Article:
In which I spend a week with the latest offering from Jawbone, the UP3 and see whether it’s a worthy follow-up to their earlier successes.

My Week With; The Jawbone UP3

955 words about review — 22:00 · 8th Dec 2015

After working tirelessly day and night my Jawbone UP24 finally gave up and stopped responding to even the most violent of presses.

It just hung there like an ass hole refusing to cooperate.

I blame the rubber stretching—which is apparently a quite common problem. One I imagine they’ve tried to resolve by changing the design of the newer models.

So I called their customer support—which was excellent and they couldn’t have handled the situation better—to get a replacement.

But obviously the UP24 has been discontinued so I couldn’t get that any more. Long story short, I got an UP2 as a replacement unit which I sold and I bought myself an UP3 Teal Cross instead.

Wearing both the Jawbone UP24 and the Jawbone UP3 on the same wrist.
Looking at both of them I must confess that I prefer the design of the UP3. You can also see the effects of the rubber stretching on the UP24 as it overlaps its own ends more than it should.

The Jawbone UP3

The two biggest selling points for me was the heart tracking and advanced sleep tracking—and thanks to a recent firmware update the heart tracking has been vastly improved and increased from its initial once-a-day tracking of your Resting Heart Rate to include recurring tracking of your Passive Heart Rate as well.

I also wanted to track my sleep in more detail and was hoping its inclusion of REM sleep tracking would give me more insight into my sleeping patterns.


I loved the design of the UP24 because unlike many of its competitors—I’m looking at you Fitbit CHARGE HR—Jawbone puts as much effort into the aesthetic design of their trackers as they do to the technical aspects.

Again, we have Yves Béhar to thank for this and I applaud the designs he and his team has created within the constraints of the technology.

For someone who wants a tracker that—however stupid it sounds—doesn’t look like a tracker, Jawbone is really the only ones offering me any kind of selection.


Moore’s law tells us that technology will continue to either get faster or smaller yet somehow—because I’m stupid and don’t know how stuff works—I’m surprised every time it does.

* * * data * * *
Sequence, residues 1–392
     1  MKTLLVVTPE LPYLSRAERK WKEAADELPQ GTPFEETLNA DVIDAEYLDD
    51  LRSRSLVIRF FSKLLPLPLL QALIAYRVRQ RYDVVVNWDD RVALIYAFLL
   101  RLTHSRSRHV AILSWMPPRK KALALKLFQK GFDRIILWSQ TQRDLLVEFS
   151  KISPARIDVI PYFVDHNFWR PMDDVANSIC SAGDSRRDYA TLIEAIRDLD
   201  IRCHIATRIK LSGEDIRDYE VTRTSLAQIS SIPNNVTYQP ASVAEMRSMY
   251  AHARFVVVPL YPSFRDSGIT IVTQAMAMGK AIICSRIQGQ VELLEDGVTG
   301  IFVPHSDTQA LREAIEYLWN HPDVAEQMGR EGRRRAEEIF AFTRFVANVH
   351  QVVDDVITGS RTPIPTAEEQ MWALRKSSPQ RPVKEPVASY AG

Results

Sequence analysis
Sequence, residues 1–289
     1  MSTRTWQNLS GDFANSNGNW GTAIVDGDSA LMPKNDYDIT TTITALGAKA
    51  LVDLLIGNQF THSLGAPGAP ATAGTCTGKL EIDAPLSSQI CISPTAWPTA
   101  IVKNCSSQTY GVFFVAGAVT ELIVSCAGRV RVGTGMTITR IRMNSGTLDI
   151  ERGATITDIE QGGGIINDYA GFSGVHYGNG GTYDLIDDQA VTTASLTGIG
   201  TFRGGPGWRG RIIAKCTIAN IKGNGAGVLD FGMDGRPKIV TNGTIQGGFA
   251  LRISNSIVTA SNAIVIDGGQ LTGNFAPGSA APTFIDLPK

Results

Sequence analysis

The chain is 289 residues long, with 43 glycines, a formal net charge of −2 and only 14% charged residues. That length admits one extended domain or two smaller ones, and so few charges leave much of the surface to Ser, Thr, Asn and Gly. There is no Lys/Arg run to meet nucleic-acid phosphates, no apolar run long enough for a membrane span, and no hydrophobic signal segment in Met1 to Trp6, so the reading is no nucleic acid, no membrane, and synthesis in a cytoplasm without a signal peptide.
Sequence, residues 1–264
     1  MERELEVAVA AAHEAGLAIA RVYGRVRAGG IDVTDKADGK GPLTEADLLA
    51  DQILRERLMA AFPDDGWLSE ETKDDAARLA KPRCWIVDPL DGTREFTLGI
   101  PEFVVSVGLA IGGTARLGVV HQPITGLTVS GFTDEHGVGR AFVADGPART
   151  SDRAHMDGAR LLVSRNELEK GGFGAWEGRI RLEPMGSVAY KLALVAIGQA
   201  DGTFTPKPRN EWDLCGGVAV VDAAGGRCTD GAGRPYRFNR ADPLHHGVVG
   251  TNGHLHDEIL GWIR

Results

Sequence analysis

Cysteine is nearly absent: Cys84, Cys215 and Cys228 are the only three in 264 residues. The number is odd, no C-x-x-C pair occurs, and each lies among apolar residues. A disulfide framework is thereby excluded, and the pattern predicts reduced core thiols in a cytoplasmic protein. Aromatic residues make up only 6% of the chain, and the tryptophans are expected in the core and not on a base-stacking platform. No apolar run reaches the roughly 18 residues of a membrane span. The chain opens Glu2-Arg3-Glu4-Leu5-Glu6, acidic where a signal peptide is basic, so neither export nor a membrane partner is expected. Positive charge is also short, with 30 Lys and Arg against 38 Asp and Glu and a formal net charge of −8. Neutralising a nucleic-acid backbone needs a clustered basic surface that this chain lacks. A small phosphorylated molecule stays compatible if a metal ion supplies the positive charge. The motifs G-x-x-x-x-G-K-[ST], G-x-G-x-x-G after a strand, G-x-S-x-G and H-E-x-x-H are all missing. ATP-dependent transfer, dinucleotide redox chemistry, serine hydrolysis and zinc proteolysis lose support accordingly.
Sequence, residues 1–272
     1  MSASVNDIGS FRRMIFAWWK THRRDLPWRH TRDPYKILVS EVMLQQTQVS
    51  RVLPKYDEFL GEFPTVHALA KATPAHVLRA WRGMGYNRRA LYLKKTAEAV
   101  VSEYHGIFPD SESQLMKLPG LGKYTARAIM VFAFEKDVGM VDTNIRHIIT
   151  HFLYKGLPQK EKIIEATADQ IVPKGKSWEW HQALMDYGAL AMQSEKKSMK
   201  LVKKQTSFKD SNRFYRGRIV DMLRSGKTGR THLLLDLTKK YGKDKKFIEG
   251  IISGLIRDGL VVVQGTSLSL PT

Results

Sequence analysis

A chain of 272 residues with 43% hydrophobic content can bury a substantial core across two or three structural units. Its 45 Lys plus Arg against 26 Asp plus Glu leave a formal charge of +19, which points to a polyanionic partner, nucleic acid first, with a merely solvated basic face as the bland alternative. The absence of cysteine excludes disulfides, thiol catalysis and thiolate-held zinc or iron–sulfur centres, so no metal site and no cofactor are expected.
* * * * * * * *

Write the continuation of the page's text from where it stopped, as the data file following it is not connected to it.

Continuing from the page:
Because there’s always a butt.

If you, like me, are upgrading from another tracker be prepared to have your step count change as the new UP3, unlike it predecessor, can’t be calibrated any more. Instead it relies on some sort of smart calibration, which is meant to figure out all of the calibrations by itself.

Now, maybe it will turn out to be more accurate eventually but in the meantime its accuracy is debatable, which is quite frustrating. And after a week of use I still have my doubts about its supposed smartness.

Something as simple as including the ability to add distance when adding a walk shouldn’t be that hard, right?

Screenshot showing the workout screen from the UP app on Android.

On the other hand I have no complaints about the heart tracking because that seems to be very accurate when comparing it to what I already knew.

The original UP24 shipped with a battery life of about 7 days but a firmware update soon extended that to an amazing 14 days—I usually even got 16 days out of it.

Whilst some people might not mind recharging their fitness tracker every other day—I’m looking at you Microsoft Band 2—the ability to forget I’m even wearing one is something I value a lot.

Now it’s not as impressive as e.g. the Polar A360 with its 14 days but the UP3 and its 7 days is still in the better end in terms of battery life when most are in the 2–5 day range.

And I’m hoping they’ll somehow manage to squeeze more out of it via their magical firmware updates.

There’s no display to speak of—unless you count their three discreet icons, and I don’t—which might be a deal breaker for you. For me, it was a deal sealer as I really didn’t want anything with a screen.


Priced at £129.99 I feel a little hypocritical in talking too much about its price since I paid about £50 less for mine.

And whilst both the Fitbit CHARGE HR and the Garmin vívosmart® HR are £10 cheaper we have both the Polar A360 and the Microsoft Band 2 at the more expensive end of the spectrum with £154.50 and £199.99 respectively.

As far as fitness trackers goes the UP3 seems to place itself amongst its peers without standing out as being neither the cheapest or the most expensive.


In the end I’m a little perplexed about the UP3. I think the design is beautiful and applaud their efforts into cramming all this stuff into a slim 29 g package. But knowing about its massive delay—they had trouble waterproofing it, settling for splash proofing it in the end—combined with its somewhat arrogant smart calibration—which is questionable—makes me wonder if they haven’t created problem the UP24 had already solved.

4 tactile wrist notifications out of 5.

I’m giving it 4 out of 5 but with a caveat; Only buy it if you really, really want heart rate- and sleep tracking and like me can’t stand the idea of wearing a little computer on your wrist.

It seems like Jawbone is struggling to find their stride much like its UP3 is struggling to find mine.

You’ve just read My Week With; The Jawbone UP3.

In which, 8 years ago, I wrote 955 words about review and I covered topics, such as: jawbone (products) , quantified self , wearables , and my week with .